Following its recent IS0 50001 accreditation, we look into the journey that led to Sisk achieving world class standards in energy management.
John Sisk & Son has become one of the first Ireland/UK construction companies to achieve ISO 50001 accreditation. This journey was led by its Building Services Department in conjunction with the HSEQS (Health, Safety, Environmental, Quality and Sustainability) department and resulted in the company pushing boundaries to identify, manage, monitor and implement a continuous standard of energy reduction across all of its company offices, vehicle fleet, workshops and construction sites. The accreditation underpins Sisk’s strategy of Building Excellence, ensuring that they explore every facet of their business to deliver the highest standards for their clients, using the most sustainable and environmentally responsible methods possible.
A Changing Landscape Of Compliancy
In 2012 the compliancy landscape began to change with the EU Energy Efficiency Directive. The directive established a set of binding measures to help the EU reach its 20% energy efficiency target by 2020. Under the directive, all EU countries are required to use energy more efficiently at all stages of the energy chain from its production to its final consumption. EU countries were required to transpose the Directive’s provisions into their national laws by 5 June 2014.
As a result of this, Article 8 of the directive was transposed into UK (ESOS) and Irish Law (SI 426 ; 2014), making it mandatory for large enterprises to identify their energy savings opportunities by way of an energy audit every four years, where ISO 50001 accreditation was not already in place. With SISK operations in both Ireland and the UK already complying with ISOs 9001, 18001 and 14001, with the latter branding its business as environmentally responsible, the pursuit of ISO 50001 was the next natural step and suited the Company’s well-established integrated management system and business model.
The Journey Towards ISO 50001
In order to decide the best way to manage its own energy consumption, Sisk decided to set up the SISK Energy Forum. Formed in October 2014 and led by Building Services Department Manager Padraic O’Connor, the forum aimed to take advantage of the extensive skills base that exists within the company. The forum is made up of representatives from Sisk’s Irish and UK operational business units, with help and input from support functions such as Procurement, ICT/HR/Vehicle Fleet and HSEQS working collaboratively to achieve the objective of ISO 50001 certification.
Ruth Riordan took the role as Energy
Coordinator UK & Ireland within the forum, and along with the Energy Steering Group, the forum created a business case leading to an Energy Policy and Energy Action Plan, taking into account an analysis of energy usage, opportunities for energy savings, communicating an action plan to the Sisk staff, assessing savings made and monitoring the action plan as it was rolled out. A key job of the Energy Steering Group was to identify Capital Expenditure and Cost Benefit Analysis for Energy Saving Projects. “The forum took into account the huge skill base within the company, and drew from it in order to achieve our goals,” says Padraic O’Connor. “We had already achieved 1SO 14001, and had to decide which route we would go down in order to be compliant with the new laws that were coming in. After pooling our resources, it was apparent to us that with some hard work, we could achieve ISO 50001.”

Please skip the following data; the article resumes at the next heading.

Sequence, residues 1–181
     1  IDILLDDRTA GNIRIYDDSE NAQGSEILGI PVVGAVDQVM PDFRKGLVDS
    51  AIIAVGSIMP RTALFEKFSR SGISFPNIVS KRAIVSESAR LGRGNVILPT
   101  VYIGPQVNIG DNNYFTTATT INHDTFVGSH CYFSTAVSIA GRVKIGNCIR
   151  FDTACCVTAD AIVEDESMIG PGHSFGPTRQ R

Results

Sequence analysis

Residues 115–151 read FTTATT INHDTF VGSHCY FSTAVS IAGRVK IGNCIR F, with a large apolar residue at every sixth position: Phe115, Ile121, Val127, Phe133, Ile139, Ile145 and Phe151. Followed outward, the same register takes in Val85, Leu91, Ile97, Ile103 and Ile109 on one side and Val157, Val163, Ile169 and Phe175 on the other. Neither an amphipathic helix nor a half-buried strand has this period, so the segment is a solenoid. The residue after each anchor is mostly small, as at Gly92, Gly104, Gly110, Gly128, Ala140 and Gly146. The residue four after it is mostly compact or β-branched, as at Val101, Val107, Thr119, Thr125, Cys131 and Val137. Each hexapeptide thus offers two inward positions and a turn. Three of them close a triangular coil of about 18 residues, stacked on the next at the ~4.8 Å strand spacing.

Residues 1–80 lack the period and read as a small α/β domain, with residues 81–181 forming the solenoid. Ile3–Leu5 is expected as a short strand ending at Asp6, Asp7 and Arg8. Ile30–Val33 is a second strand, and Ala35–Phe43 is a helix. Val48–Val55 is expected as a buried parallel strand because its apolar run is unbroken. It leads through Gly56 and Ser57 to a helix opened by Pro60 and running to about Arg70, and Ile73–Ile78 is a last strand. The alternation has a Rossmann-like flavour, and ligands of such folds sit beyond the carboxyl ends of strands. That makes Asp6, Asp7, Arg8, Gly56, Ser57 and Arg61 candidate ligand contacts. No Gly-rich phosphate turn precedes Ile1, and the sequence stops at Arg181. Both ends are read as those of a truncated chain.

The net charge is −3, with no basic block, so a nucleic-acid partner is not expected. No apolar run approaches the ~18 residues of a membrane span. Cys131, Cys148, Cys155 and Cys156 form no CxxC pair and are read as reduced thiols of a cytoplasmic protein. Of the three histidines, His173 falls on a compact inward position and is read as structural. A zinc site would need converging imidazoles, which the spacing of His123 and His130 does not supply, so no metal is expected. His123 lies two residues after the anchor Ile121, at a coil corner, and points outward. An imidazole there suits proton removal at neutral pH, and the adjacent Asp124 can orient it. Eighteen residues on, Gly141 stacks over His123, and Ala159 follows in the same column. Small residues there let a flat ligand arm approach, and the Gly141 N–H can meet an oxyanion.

Significant Energy Users
The starting point for the Energy Forum was to establish a baseline of the company’s energy use and to identify its Significant Energy Users (SEU’s). As a result of this analysis they identified the SEU’s as diesel for transport, diesel for site vehicles/equipment, electricity and gas. “The forum helped us to identify a six point energy action plan,” says Padraic O’Connor. “For example, diesel fuel consumption was accounting for 42% of our energy consumption. This was something we were interested in decreasing significantly, so we piloted some energy efficient driver training, and trained those drivers to drive their routes in a more fuel-efficient way. It showed potential savings of up to 13% in L/100km (or mpg) in some cases, but people, being what they are can fall back into old habits and require gentle persuasion and reminding for responsible energy efficient driving methods”. Sisk will be rolling out more energy efficient driver training courses as a part of their action plan for the next two years. This is an example of one of the action points on the Energy Opportunity for Improvement (OFI) register which in turn was used to develop Energy Action plans that the company are implementing in order to achieve the energy savings targeted for 2015/2016.